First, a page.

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First-gen students and faculty connect over waffles and advice

A panel was held Tuesday, allowing first-generation students and faculty to share knowledge, advice and experiences.

Over plates stacked with warm waffles, a panel of University of Minnesota faculty and staff members recalled their experiences as first-generation college students Tuesday evening.

A group of around 20 students attended the First-Generation Panel and Waffle Bar in Bruininks Hall, an event encouraging discussion and advice-sharing between faculty, staff and students with similar backgrounds.

The event, organized by Multicultural and First Generation College Students, a program within the College of Liberal Arts, featured four panelists.

The panel members were asked questions about their experiences and how they navigated college without much guidance from family members. 

“It’s our job to pay it forward to these students,” said Juan Telles, one of the panelists and an academic adviser in CLA. “I went through the same struggles as these students, and it’s important for them to realize that there is someone else out there who went through it too.” 

The purpose of the panel was to “provide students the opportunity to meet one-on-one with these successful faculty and staff members who have come so far at the University,” said Rebekah Charles, president of MCFGS. 

Panelist Leah Milojevic, assistant director for CLA Diversity Student Support Program, said she came to the University in 2002 as a first-generation student and never left. 

“The biggest challenge as a first-gen student was I didn’t know what to ask,” Milojevic said.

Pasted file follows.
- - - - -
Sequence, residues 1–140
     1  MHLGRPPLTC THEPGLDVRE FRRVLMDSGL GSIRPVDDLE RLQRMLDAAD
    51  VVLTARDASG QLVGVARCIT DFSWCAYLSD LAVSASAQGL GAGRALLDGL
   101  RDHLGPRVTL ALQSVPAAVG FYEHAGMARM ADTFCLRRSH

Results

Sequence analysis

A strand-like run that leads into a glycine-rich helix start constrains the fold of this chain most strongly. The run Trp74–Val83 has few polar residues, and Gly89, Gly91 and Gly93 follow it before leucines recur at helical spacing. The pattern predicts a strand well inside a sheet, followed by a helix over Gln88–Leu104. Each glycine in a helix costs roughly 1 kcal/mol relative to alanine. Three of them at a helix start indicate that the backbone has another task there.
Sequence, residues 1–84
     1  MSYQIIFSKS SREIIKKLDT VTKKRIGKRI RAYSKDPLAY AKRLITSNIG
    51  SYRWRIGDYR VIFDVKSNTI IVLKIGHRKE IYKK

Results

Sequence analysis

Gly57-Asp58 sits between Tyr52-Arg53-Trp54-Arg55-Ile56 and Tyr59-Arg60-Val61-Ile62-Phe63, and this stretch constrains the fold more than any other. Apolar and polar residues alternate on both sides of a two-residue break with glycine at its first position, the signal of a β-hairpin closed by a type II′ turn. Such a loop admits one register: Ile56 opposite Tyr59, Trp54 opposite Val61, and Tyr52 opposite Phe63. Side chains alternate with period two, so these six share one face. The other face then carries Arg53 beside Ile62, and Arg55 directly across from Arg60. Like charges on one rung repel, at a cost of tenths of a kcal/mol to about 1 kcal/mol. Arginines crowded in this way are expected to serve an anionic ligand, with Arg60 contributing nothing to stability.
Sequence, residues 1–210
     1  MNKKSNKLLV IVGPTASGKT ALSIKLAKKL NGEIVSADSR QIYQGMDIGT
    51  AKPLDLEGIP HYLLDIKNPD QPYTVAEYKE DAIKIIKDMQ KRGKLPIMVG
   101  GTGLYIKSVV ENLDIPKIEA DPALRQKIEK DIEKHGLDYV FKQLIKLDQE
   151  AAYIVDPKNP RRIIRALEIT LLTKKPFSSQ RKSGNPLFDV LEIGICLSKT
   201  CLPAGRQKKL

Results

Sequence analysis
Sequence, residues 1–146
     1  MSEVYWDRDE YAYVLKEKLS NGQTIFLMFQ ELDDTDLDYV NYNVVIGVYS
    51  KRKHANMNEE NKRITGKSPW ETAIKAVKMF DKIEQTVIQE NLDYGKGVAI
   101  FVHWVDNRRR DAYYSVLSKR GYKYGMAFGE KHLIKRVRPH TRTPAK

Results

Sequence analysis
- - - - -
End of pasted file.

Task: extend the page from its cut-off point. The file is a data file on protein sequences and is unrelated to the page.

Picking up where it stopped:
Now, as a University staff member, Milojevic says she works to share her knowledge and give back to students with similar experiences.

“It’s my calling, and I have a special place in my heart for first-gen students,” she said.

Cydney Gaines, who spoke on the panel and is a multicultural associate within the Multicultural Center for Academic Excellence at the University, said she wants to give hope to first-generation students. 

“Just do whatever it takes to be successful,” Gaines said after she was asked what students should take away from Tuesday’s event. “I want to help first-gen students know it’s possible to earn your degree in a way that’s conducive to whatever goals a student wants to achieve.”

Melissa Koenig, panelist and professor in the Institute of Child Development, said she wanted to hold a discussion between first-generation students and faculty.

“I was really excited to start conversations with students. I don’t want first-generation students to walk around in silence,” Koenig said.

MCFGS was founded one year ago by siblings Eric and Rebekah Charles, first-generation students who felt they didn’t belong in other student groups. The group has since grown to 71 members.

“We want to foster a community of belonging for multicultural and first-gen students,” said Rebekah Charles.

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